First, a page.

Optimum seeding rates for three annual green manure crops: the effect of weed competition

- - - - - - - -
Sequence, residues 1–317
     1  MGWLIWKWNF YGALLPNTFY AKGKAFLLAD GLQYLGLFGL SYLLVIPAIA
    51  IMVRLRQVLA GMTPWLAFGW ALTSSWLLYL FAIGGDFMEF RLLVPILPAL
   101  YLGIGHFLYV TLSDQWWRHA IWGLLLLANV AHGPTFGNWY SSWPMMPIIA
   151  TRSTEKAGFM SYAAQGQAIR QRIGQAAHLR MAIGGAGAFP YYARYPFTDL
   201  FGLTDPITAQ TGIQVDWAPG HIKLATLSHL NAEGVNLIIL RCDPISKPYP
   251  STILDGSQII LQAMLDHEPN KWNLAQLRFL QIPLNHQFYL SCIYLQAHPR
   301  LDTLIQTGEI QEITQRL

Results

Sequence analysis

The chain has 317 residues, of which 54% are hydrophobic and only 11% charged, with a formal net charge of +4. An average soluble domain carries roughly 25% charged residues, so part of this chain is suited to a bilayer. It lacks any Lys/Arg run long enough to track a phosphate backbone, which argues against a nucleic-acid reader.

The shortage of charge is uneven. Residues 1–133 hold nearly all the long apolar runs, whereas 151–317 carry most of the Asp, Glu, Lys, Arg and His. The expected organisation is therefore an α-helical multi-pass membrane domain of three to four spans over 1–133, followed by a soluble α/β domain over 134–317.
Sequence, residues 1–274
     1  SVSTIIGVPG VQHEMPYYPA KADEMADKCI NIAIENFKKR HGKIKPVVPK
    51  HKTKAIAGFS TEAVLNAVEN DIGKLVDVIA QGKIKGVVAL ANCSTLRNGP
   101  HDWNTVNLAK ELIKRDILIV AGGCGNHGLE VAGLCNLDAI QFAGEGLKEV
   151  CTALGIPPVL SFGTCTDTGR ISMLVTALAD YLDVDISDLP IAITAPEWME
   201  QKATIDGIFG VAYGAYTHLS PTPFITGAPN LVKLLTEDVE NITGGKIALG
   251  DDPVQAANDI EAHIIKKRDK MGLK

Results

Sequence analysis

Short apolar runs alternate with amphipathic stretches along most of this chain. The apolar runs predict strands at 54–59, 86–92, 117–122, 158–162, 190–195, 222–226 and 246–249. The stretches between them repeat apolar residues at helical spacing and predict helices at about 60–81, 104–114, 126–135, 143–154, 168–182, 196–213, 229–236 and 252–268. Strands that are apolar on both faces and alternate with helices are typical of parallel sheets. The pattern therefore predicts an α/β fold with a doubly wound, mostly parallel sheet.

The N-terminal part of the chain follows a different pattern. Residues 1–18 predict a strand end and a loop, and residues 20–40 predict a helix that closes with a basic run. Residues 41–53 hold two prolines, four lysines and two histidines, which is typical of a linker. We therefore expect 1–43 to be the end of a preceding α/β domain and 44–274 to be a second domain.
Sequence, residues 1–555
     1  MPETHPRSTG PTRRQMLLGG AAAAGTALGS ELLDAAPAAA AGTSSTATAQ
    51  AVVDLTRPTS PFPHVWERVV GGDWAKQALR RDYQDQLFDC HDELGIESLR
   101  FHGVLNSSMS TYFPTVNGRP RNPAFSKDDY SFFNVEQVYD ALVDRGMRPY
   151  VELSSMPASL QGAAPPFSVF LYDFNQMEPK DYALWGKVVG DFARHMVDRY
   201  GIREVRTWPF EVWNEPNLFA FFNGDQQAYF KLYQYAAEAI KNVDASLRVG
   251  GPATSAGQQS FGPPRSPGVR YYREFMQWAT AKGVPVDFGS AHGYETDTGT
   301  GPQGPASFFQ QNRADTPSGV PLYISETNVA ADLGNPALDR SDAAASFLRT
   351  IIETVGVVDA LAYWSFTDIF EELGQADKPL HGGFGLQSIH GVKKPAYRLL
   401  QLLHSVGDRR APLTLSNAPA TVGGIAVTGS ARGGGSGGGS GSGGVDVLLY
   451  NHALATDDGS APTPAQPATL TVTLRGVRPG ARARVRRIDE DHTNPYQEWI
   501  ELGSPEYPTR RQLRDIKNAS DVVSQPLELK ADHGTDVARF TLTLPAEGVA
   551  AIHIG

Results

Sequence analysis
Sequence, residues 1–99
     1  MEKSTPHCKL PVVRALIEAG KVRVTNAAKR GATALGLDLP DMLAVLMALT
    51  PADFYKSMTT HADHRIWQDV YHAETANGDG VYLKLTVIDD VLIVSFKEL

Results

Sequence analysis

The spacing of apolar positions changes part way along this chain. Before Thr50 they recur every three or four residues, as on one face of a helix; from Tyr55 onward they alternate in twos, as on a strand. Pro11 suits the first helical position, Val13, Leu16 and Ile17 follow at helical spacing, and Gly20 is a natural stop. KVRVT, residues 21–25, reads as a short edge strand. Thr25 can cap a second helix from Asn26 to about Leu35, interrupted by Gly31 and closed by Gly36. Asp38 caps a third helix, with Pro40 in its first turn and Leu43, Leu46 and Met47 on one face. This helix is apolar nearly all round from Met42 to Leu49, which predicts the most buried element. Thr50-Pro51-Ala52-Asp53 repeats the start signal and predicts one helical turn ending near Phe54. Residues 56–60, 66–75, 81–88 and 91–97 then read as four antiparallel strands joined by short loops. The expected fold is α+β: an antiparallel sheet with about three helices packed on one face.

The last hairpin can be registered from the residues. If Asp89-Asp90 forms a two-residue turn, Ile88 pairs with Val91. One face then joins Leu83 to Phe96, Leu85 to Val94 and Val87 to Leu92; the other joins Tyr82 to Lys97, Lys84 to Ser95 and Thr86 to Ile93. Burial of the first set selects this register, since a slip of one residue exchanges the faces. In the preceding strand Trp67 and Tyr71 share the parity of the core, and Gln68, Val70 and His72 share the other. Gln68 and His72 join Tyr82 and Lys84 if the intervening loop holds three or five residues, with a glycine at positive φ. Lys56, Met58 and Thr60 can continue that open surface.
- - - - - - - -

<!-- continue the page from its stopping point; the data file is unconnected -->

Green manure crops are critical to maintaining soil fertility in organic cropping systems. However, little research has been conducted to address their contribution to weed control. Indian Head black lentil (Lens culinaris), AC Green Fix chickling vetch (Lathyrus sativus), and Trapper field pea (Pisum sativum) are legumes developed for use as annual green manure crops in Saskatchewan. Currently, the recommended seeding rates for these crops are based on those developed for seed production of similar genotypes under weed-free conditions. Thus, our objective was to determine the optimal seeding rates for these three annual green manure crops under weedy and weed free conditions. The competitive ability of the green manure crops was assessed based on their ability to maintain crop biomass and reduce weed biomass. Each green manure crop was grown at five plant population densities (10, 26, 64, 160, and 400 plants m2) with weedy and weed free treatments. Wild oat (Avena fatua) and wild mustard (Brassica kaber) were planted in the weedy treatment to supplement the natural weed community. Biomass samples were taken at early bud and full bloom stages to simulate when these crops would be terminated. Trapper field pea produced the most crop biomass while Indian Head black lentil and AC Green Fix chickling vetch produced comparable amounts of crop biomass under both weedy and weed-free conditions. While Trapper field pea produced more crop biomass than AC Green Fix chickling vetch, weed biomass was similar for both species. Weed biomass was highest for Indian Head black lentil. Total biomass increased between the early bud and full bloom biomass dates for all species. However, weed biomass as a proportion of total biomass increased more than crop biomass between early bud and full bloom in weedy treatments. Recommended seeding rates developed from this experiment will help organic producers take advantage of the weed control offered by a competitive annual green manure while still achieving their objectives of improved soil nutrient status and soil quality.
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